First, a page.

PHMSA is proposing to amend its regulations applicable to natural gas distribution/service lines at 49 C.F.R. Part 192 to require expanded use of excess flow valves (EFVs) and manual service line shut-off valves (e.g. curb valves) in certain applications.  The Agency has released a pre-publication version of a Notice of Proposed Rulemaking (NPRM or the Notice) describing these changes, which will be published in tomorrow’s Federal Register.  Comments on the Notice will be due 60 days from publication, i.e. by September 13, 2015.

PHMSA first required EFVs for new or replaced service lines to single family residences (SFRs) in 2009, under a 2006 Congressional mandate.  In 2009, PHMSA also undertook an Interim Evaluation of whether EFVs should be required in other applications, to respond to a 2001 NTSB recommendation advocating installation of EFVs in all new and renewed gas service lines, regardless of a customer’s classification.  The culmination of PHMSA’s Interim Evaluation was the publication of a 2011 Advanced Notice of Proposed Rulemaking (ANPRM), in which PHMSA requested public comment on expanded use of EFVs in gas distribution systems.  The 2012 Pipeline Safety Act (PSA) amendments were then enacted, compelling PHMSA – after finalizing its evaluation of the NTSB recommendation – to require EFVs on “new or replaced distribution branch services, multifamily facilities, and small commercial facilities” by January 2014, if appropriate and where feasible.  49 U.S.C. § 60109(e)(3).   

The NPRM, issued more than 18 months after the deadline set in this 2012 mandate, proposes the following new requirements:

1. EFV Installation in Applications Other than Single Family Residences.  Currently, EFVs are required only on new or replaced gas lines serving single family residences (SFRs).  49 C.F.R. Part 192.383(b).  PHMSA proposes to amend Part 192.383 to also require EFVs on certain branched service lines serving SFRs, as well as service lines serving small commercial businesses and multi-family residences consuming gas volumes less than 1,000 standard cubic feet per hour (SCFH).  Any new or replaced service line in these types of applications would have to be equipped with an EFV under the proposed rule.  In addition, the proposed rule specifies that all existing customers who desire an EFV on a service line in one of the above applications have a right to request that an EFV be installed on their service line.  Operators would be required to notify customers of this right and, if they receive a customer request, to install an EFV at a mutually agreeable date.  The proposed rule leaves it to the appropriate State regulatory agency to determine who bears the cost of installation.

PHMSA nevertheless proposes to retain the current Part 192.383 exceptions to EFV installation requirements and to extend applicability of these exceptions to the additional service line applications covered in the NPRM.  In addition, the proposed rule would require only that EFVs be manufactured and tested by the manufacturer according to an industry specification or the manufacturer’s written specification, but would not prescribe the precise specification that must be used.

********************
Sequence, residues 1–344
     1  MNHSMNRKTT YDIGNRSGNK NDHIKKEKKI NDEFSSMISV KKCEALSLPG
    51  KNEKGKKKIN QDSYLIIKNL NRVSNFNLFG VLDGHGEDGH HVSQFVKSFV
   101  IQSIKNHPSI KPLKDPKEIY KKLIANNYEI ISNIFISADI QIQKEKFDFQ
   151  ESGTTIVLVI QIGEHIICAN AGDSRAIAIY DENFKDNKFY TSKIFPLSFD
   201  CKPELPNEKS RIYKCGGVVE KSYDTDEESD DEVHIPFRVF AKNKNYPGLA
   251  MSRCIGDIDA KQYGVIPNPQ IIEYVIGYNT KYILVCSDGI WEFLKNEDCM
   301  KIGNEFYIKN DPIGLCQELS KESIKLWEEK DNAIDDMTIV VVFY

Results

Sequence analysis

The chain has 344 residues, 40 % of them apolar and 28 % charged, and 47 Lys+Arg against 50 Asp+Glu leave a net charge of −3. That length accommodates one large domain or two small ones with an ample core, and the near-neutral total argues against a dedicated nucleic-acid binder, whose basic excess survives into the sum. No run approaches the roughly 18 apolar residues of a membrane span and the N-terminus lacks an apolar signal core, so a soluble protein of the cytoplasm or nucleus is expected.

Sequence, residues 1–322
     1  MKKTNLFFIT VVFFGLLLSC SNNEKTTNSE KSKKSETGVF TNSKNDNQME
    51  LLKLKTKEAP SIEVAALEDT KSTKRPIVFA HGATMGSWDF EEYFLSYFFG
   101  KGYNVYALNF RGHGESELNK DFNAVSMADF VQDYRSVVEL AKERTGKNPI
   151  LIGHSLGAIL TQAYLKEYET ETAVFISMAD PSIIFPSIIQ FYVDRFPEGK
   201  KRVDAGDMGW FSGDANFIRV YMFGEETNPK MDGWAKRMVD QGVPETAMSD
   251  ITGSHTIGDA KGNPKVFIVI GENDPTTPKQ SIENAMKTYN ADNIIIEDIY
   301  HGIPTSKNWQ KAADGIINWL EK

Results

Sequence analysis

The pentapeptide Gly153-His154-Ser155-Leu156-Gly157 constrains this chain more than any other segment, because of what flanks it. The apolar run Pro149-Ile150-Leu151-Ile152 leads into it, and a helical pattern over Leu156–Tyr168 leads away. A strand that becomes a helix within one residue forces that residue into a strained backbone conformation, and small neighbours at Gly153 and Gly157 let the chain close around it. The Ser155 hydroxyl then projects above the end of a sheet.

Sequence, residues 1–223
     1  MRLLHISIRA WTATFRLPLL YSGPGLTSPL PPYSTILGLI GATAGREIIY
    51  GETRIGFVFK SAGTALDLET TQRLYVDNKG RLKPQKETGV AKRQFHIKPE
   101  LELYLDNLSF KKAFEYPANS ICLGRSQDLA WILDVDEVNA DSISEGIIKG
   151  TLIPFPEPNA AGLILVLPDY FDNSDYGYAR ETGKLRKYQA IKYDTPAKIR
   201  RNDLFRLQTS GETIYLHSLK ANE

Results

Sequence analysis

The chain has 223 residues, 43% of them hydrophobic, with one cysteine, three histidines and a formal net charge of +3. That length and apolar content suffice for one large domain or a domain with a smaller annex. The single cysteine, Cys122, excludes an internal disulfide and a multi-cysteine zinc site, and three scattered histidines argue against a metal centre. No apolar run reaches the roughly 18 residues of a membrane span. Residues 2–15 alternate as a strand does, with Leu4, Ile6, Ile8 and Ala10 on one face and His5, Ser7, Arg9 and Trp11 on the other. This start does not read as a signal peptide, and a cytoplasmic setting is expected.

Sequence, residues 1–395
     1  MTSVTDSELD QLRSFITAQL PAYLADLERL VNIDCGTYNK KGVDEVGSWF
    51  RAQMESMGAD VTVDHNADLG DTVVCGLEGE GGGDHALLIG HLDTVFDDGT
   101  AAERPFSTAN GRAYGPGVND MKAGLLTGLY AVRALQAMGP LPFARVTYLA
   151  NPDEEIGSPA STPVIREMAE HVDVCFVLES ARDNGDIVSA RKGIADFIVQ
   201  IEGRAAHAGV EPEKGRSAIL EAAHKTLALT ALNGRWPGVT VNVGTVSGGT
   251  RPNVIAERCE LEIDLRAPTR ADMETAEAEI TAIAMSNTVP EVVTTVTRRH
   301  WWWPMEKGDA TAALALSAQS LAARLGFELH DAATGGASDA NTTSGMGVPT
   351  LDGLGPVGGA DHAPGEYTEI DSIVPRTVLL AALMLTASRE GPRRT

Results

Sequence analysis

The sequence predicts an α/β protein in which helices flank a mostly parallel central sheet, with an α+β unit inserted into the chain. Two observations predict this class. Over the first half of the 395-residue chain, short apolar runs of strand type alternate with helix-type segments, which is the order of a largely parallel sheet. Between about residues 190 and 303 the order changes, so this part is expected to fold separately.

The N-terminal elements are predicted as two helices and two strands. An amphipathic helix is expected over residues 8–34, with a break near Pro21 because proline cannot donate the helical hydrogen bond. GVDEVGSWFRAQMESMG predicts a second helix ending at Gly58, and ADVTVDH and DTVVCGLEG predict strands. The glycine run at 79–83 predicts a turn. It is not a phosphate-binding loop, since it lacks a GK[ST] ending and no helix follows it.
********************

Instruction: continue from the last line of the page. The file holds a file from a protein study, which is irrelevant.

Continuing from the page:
In response to the 2011 ANPRM, many industry commenters raised concerns about the potential for EFVs to trip inadvertently and to cause unnecessary service disruptions.  PHMSA responds to these concerns in the NPRM by emphasizing the importance of proper sizing and by stating that, rather than proposing a protocol for EFV installation, the Agency advises operators to install EFVs as directed by the manufacturer and as safe service requires.

2. Curb Valves on Large-Capacity Service Lines.  The proposed rule would also require operators to install curb valves or other manually operated valves for any new or replaced service lines with installed meter capacity exceeding 1,000 SCFH.  These valves would have to be accessible to emergency personnel needing to manually shut off gas flow to the service line in the event of an emergency. The proposed requirement is based on comments from industry in response to the 2011 ANPRM concerning the suitability of EFVs for larger commercial facilities.  According to the Notice, it is not technically feasible to expand EFV use to service lines operating at loads exceeding 1,000 SFCH, and curb valves provide best alternative to an EFV for these facilities.  The Notice explains that the 1,000 SCFH threshold proposed for this requirement is based upon PHMSA experience and comments to the NPRM, but the Agency invites further comment on whether the threshold is appropriate.

In the 2011 ANPRM, the Agency requested that gas distribution system operators address the costs and benefits of expanded EFV requirements in their comments, and it is anticipated that cost-benefit concerns will be a subject of many comments on the current Notice as well.  Interestingly, in 1992 Congress required PHMSA’s predecessor, the Research and Special Programs Administration (RSPA), to issue regulations prescribing the circumstances, if any, where EFVs were appropriate for natural gas distribution systems.  Pub. L. 102-508 (Oct. 24, 1992).  In response, RSPA issued a Final Rule in 1996, concluding there are no circumstances in which EFV installation should be required, primarily because “the costs far exceed the benefits of such installation.”  61 Fed. Reg. 31449 (June 20, 1996).  Several incidents since then, involving fatalities and injuries from service line ruptures that may have been averted by the use of EFVs, are likely to influence the discussion of costs and benefits in response to the current NPRM.